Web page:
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Gather all the ingredients. Besides this, you will need 2 large bowls (one should be a very big one), 1 strainer, Instant Pot (or pressure cooker or a large pot), a clean cloth, alcohol (shochu or vodka), a potato masher (or a food processor), a 1-gallon glass jar to put miso in, and a bag of 1 kg (2.2 lb) table salt.
Gently wash the soybeans thoroughly several times under running water. P.S. The foam seen in the images here is not soap.
In a large bowl, add the rinsed soybeans and fill the bowl with filtered water to about 5 inches (10 cm) above the beans. Soak the soybeans for 18 hours.
Drain the beans. Look how large the beans are now. The right soybean is before soaking, and the left two soybeans are after 18 hours of soaking. After soaking, total soybeans weigh 1435 g.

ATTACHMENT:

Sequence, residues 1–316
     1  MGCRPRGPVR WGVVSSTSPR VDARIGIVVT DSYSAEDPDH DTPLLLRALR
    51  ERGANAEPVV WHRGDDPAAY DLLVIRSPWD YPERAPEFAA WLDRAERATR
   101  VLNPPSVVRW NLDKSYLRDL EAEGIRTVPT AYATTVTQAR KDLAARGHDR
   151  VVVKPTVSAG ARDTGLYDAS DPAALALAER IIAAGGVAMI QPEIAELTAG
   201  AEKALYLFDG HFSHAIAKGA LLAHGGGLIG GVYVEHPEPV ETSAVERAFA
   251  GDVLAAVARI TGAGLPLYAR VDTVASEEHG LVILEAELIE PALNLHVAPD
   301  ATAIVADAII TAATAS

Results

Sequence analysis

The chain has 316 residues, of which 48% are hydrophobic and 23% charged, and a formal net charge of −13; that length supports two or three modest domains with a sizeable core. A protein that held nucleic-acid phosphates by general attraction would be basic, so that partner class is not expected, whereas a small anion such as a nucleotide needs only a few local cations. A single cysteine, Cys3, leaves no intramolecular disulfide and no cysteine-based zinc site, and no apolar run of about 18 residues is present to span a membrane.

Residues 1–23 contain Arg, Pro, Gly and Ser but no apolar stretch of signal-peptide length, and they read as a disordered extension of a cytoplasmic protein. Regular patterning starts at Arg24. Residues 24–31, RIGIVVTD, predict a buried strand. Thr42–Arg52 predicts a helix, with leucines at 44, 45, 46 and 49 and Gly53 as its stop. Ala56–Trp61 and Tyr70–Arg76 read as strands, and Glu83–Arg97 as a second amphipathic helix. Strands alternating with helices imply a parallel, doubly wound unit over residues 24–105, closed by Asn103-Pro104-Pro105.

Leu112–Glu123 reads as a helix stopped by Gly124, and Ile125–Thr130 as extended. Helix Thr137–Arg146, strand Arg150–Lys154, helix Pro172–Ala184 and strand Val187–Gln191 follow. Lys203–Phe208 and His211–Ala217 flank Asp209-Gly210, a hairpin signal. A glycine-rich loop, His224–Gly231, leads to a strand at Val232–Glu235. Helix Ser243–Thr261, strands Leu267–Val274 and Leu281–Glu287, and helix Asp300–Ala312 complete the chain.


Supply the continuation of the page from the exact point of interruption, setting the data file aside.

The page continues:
Add the soybeans into the inner pot of Instant Pot. Fill the pot with filtered water to about ½ inch (1.2 cm) above the beans (roughly 8 cup line of the pot).
Close the lid and set HIGH pressure for 20 minutes. Make sure the steam release handle points at “sealing” and not “venting”.
STOVETOP OPTION: Alternatively, you can cook the beans on the stovetop. Bring to a boil over high heat, skim off the surface scum, lower to a simmer, and cook for about 3-4 hours, uncovered, until the beans are soft. Add water as needed during simmering. You want to keep the soybeans submerged in just enough water.
Meanwhile, in a large bowl (you will add mashed soybeans in this bowl, so use your largest bowl/pot/container/dish), combine the rice koji and salt with your hands.
Also, put some alcohol (shochu, vodka, soju, sake, etc) on a clean cloth and wipe inside the jar you will put miso in.
Once the pressure cooking is finished, release the pressure naturally. It will take about 30 minutes till pressure comes down completely and you can open the lid.